The Winnipeg General Strike of 15 May to 28 June 1919 brought the elements of class and ethnic conflict together in a massive confrontation. The growing hysteria in the city produced intense anti-alien propaganda, close co-operation between security forces and the local political elite, and attempts to use the immigration machinery to deport not only alien agitators but also British-born radicals. As a result, Section 41 of the Immigration Act was amended in June 1919, to greatly expand the definition of seditious behaviour to include those who advocated “the unlawful destruction of property...or attempt to create a riot or public disorder in Canada, or who is a member of or affiliated with any organization entertaining or teaching disbelief in or opposition to organized government”. The violent confrontation of 21 June between the strikers and the RNWMP, in which scores were injured and two killed, encouraged the hard liners in the Borden government. On 1 July a series of raids was carried out across the country on the homes of known alien agitators and the offices of radical organizations. Many of those arrested were denied the formal deportation proceedings specified by section 41; instead they appeared before Winnipeg magistrate Hugh John Macdonald (1850-1929) - son of Canada’s first prime minister - who ordered them sent to the internment camp at Kapuskasing for “safe keeping”. They were subsequently deported in secret, despite any credible evidence that they were guilty of subversion or illegal activities of any kind.
In its attempts to remove the approximately 200 “anarchists and revolutionaries” rounded up in 1919, the Immigration Branch worked very closely with the United States immigration authorities, who were busy planning their own expulsion of “Reds” after the controversial Palmer Raids. This cooperation was indicative of the links being forged between Canadian, American and British security agencies towards the formation of organized communist parties in all three countries. An essential component of this tripartite system was the lists of undesirable immigrants and known Communists that were regularly transmitted between Ottawa, London and Washington.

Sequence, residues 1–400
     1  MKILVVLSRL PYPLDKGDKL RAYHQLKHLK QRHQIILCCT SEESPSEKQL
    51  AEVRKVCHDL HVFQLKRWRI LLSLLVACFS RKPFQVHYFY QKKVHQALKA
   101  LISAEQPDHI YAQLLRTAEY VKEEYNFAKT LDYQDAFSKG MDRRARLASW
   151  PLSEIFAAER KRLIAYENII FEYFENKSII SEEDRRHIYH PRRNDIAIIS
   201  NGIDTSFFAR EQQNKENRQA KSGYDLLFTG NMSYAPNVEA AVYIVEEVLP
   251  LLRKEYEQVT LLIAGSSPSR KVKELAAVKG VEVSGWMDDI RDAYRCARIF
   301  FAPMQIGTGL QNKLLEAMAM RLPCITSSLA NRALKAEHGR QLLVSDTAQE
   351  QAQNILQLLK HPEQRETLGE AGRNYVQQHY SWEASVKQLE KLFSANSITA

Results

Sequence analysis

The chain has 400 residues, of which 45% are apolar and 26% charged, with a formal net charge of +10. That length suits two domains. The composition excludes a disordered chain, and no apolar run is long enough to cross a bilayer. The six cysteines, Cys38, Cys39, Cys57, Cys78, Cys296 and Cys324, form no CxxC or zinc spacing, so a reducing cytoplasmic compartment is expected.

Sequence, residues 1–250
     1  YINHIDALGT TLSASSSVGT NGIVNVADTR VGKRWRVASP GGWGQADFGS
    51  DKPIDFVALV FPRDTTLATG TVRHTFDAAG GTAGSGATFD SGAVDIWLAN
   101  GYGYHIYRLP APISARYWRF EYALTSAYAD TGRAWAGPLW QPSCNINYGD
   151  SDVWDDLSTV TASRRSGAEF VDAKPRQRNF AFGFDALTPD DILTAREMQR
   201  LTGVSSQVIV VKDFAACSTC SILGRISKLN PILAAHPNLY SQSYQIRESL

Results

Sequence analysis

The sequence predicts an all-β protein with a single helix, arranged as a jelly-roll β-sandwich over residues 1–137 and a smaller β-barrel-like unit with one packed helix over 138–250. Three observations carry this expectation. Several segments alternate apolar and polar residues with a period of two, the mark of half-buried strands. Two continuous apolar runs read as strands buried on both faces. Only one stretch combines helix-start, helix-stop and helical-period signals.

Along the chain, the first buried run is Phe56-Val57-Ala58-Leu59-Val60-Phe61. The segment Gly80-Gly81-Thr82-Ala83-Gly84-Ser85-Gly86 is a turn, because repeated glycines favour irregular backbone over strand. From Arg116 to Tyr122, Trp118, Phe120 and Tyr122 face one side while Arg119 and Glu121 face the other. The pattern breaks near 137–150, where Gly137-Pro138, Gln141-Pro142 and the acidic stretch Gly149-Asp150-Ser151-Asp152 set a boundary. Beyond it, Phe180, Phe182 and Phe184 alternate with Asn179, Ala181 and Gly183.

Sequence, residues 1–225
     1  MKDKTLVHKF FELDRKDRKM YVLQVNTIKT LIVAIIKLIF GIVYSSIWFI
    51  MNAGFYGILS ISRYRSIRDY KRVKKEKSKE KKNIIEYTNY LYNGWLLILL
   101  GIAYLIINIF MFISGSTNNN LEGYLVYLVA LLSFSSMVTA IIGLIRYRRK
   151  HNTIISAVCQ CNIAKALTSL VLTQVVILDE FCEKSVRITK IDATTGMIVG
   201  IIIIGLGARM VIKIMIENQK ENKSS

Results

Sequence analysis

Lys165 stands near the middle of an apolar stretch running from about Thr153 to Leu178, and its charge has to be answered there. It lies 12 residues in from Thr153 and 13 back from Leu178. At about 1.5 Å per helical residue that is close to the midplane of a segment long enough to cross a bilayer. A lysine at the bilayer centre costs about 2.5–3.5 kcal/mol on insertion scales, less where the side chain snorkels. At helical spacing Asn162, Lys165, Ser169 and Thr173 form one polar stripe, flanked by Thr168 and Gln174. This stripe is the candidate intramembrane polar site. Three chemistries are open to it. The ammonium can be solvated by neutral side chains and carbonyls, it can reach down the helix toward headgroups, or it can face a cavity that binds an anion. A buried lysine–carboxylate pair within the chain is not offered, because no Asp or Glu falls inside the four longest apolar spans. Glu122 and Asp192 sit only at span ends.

For many scholars Canada demonstrated a deplorable lack of tolerance towards its enemy alien citizens during the First World War. In contrast, other experts point out that the basic guarantees extended by the Borden government in August 1914 were observed, and that state repression only occurred on a very small scale at the very end of the war. The truth is somewhere between these extremes. First, while it is true that the War Measures Act was not subject to judicial review, Ottawa did not assume dictatorial powers in dealing with the country’s enemy alien population, the majority of whom were neither incarcerated nor harassed. At the same time, however, there was always the threat that more excessive measures could be adopted, or that the government would fail to protect these vulnerable citizens from mob violence. Second, for those enemy aliens who were forced into the twenty-four internment camps, the working and living conditions were often unhealthy, with some internees succumbing to tuberculosis and other infectious diseases. Third, for British Canadians the war years demonstrated the challenges of maintaining the principles of democracy within a culturally diverse population, particularly when the burdens of sacrifice appeared so unfair. One aspect of this frustration was a surge of anti-French Canadian sentiment; but even more hostility was directed towards enemy aliens. As a result, in 1919 there was a groundswell of support for a more restrictive immigration policy, beginning with the June order-in-council (PC 1203) that restricted the entry of Germans, Austrians, Hungarians, Bulgarians and Turks because of their wartime associations. But this expression of nativism was short lived: within four years, these barriers had been discarded as Canadians rediscovered the advantages of cheap malleable labour within the context of the economic boom of the 1920s.
Donald H. Avery, Western University
Section Editor: Tim Cook
- Otter, Major General W. D.: Internment Operations, 1914-20. Ottawa 30 September 1920, pp. 2, 6, 12.